Yet the body-mind invariably controls all the thinking in the world. With it a man thinks for the “things that make life worth living,” for the run of human beings. Physical things are what he wants to feel or not to feel and what he desires to have or to avoid. He does not want to feel feeling or feelings. Therefore he can use only the mind that thinks for physical things. His feeling and his desire strive by this body-mind to get physical things. By thinking physically he gets an abundance of physical gifts, but no psychic advancement of his doer, no finer feelings, no nobler desires. When he holds steadily on to an object, his feelings and desires cause this body-mind to turn to the object as a subject which he wishes to have, to do or to be. The mind tries to focus the Conscious Light on the subject to the degree that his feelings and desires hold steadily to the object.

When an impression of an object has been taken by the senses and reduced to a point, it is taken by the breath-form to the kidneys and there makes contact with feeling. When this has aroused desire in the adrenals, desire takes the impression to the heart, to rightness, whence it is passed on to reason in the lungs. There the breath fixes it on the form of the breath-form and so affects that and through it the nerves of the involuntary system. All this is done with an incoming breath. If the man wants the object, his feeling and desire hold the body-mind upon this impression on the breath-form and an attempt at thinking on that subject begins in the mental atmosphere, in the area from the lungs to the brain. The brain in the thorax is not organized for thinking but for breathing and for the circulation of the breath; the brain in the head is used by the heart and lungs for thinking. But the brain is secondary, the heart and lungs are the principal, though at present disorganized, organs for thinking. The cranial brain does the work as a substitute for the thoracic brain. Thinking is done between an outgoing and an incoming breath, if there is any thinking, but much of what passes for thinking is not actual thinking.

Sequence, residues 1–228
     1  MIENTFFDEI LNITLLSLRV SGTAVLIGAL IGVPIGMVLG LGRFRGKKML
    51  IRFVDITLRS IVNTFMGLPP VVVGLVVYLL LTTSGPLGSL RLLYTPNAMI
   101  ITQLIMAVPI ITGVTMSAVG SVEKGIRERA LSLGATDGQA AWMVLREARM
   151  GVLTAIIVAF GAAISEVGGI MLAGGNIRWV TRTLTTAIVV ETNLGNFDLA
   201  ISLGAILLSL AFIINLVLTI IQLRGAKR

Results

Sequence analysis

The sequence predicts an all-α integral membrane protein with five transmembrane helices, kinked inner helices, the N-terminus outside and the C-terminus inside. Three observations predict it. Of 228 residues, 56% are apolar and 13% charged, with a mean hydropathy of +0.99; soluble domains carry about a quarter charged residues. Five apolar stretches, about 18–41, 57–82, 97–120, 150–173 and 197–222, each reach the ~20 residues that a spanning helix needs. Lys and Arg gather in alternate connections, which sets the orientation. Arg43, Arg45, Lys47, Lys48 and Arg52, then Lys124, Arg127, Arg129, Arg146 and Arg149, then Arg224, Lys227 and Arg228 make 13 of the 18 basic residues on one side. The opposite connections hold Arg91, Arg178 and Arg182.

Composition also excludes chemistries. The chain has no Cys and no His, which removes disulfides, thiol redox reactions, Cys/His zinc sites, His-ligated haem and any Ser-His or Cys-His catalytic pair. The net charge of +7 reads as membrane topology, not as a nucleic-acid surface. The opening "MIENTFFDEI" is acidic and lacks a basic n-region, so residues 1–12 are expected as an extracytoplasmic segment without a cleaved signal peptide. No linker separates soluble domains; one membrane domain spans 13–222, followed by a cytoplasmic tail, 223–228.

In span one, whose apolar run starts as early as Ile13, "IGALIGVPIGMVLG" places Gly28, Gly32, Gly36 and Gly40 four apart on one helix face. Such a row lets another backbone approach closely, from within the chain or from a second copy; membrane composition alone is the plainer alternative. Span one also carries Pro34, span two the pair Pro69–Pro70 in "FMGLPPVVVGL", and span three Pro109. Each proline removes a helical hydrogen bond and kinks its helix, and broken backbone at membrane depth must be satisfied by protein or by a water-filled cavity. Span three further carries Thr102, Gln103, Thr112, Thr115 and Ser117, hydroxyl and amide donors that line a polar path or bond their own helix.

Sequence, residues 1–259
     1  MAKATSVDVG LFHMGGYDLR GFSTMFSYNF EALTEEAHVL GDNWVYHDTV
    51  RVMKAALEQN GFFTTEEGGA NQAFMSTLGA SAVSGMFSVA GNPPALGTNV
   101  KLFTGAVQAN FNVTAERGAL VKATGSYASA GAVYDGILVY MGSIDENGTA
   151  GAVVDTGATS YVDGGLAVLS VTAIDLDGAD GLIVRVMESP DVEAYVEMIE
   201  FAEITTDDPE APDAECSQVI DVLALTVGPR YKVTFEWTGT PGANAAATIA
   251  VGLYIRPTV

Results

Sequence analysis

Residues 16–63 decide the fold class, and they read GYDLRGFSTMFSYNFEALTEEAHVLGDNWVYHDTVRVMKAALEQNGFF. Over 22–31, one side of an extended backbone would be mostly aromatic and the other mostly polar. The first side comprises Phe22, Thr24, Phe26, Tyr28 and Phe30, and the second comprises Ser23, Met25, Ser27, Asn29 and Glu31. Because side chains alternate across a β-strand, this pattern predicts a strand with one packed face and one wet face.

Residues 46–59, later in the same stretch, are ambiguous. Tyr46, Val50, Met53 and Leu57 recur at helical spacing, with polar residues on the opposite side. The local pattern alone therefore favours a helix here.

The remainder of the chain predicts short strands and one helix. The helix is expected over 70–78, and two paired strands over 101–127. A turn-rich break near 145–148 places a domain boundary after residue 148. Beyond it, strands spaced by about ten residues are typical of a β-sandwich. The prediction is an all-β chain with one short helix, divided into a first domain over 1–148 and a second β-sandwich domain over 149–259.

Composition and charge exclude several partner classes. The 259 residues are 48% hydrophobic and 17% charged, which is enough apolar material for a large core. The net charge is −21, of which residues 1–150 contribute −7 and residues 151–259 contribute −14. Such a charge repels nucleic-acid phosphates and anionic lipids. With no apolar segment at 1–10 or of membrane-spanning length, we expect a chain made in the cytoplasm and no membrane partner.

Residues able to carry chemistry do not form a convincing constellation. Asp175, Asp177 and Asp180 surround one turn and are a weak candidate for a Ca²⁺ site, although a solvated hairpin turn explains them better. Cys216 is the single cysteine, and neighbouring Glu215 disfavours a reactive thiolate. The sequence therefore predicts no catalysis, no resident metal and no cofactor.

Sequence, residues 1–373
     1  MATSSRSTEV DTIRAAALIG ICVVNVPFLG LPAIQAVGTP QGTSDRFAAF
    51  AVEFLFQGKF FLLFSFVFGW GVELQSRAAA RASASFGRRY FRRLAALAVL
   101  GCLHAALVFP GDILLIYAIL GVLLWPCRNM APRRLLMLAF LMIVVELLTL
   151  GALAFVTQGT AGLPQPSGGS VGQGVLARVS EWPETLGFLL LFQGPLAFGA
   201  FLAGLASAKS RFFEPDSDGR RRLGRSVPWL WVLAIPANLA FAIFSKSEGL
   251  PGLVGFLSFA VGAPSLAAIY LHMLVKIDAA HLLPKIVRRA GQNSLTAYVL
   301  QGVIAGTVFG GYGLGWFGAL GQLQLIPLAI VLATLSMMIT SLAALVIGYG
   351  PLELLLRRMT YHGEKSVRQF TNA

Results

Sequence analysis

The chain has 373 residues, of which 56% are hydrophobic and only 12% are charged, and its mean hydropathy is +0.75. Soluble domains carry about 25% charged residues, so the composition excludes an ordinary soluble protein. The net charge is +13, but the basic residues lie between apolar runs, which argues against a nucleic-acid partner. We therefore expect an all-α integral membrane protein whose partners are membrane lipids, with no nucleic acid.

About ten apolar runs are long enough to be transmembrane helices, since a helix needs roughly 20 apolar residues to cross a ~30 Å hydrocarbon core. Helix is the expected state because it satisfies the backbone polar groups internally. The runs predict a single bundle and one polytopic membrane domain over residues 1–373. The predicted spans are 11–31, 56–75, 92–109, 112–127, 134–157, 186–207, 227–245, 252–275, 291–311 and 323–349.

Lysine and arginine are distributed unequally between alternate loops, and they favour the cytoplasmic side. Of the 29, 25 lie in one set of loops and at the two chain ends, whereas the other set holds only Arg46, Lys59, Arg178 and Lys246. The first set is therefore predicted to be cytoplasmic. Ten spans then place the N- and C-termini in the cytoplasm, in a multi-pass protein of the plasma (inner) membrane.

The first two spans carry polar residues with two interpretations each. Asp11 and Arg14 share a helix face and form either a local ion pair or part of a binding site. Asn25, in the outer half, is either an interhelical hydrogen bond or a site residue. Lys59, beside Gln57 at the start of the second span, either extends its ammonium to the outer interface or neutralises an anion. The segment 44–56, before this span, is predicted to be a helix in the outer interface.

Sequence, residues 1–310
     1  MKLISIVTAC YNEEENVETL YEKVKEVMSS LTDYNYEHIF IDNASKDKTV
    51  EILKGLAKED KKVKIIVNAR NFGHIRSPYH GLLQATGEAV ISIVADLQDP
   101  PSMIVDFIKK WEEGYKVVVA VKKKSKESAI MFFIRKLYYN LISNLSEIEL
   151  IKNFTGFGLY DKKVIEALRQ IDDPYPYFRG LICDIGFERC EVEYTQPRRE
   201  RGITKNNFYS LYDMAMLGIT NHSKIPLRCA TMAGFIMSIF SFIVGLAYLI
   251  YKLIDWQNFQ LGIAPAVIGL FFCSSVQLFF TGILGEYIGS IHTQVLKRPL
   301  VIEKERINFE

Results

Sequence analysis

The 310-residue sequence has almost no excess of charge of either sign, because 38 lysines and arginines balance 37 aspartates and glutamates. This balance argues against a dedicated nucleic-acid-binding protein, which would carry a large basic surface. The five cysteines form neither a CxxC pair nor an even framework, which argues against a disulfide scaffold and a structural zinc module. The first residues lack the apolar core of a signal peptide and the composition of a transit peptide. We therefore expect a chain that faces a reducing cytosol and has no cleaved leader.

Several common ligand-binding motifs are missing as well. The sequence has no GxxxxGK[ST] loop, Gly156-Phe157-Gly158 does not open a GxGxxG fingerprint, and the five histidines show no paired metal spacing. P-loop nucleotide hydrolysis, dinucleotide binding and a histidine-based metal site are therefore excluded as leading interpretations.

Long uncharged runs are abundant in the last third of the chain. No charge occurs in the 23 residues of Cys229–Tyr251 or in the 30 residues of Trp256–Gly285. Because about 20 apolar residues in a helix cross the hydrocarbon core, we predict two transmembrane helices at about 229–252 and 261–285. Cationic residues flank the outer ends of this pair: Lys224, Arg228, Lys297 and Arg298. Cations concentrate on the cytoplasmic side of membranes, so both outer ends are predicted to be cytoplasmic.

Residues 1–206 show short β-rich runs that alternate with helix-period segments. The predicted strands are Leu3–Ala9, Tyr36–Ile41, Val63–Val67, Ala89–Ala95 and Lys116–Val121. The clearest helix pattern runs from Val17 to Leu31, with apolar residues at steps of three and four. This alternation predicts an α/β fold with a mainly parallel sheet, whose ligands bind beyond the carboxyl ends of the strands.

While the body-mind attempts to focus the Light, other sense impressions come into the area, along the same road, attracted to the Light. They attempt to get into the Light. Other elementals in parts of the body are stimulated or are devitalized and are projected as forms by the breath into the area of the thinking. Still other obstructions, such as thoughts and thinking, are in the mental atmosphere and interfere with the focusing.

If one continues to feel and to desire an object, the Light will show him how it is to be obtained. As soon as this is seen, elemental matter takes the impression of the means by which it is to be obtained. The matter is of the life and form planes of the physical world and affects the radiant and airy matter of the physical plane and reaches and impresses those persons through whom the object is to be obtained. The continued thinking brings about circumstances aligning persons, places or things so that the object will be attained, unless this interferes with destiny.

The mind for rightness is not usable by the human; it thinks for rightness, on estimates and judgments on the subjects presented to it by reason, and on communications which come to rightness from selfness. The thinking consists in holding the Conscious Light in the mental atmosphere on the subjects which are presented by desire or by reason. Human beings cannot in any way work the mind of rightness. The mind for reason is for thinking by reason and leads the Conscious Light into all subjects and questions which are brought to reason by desire.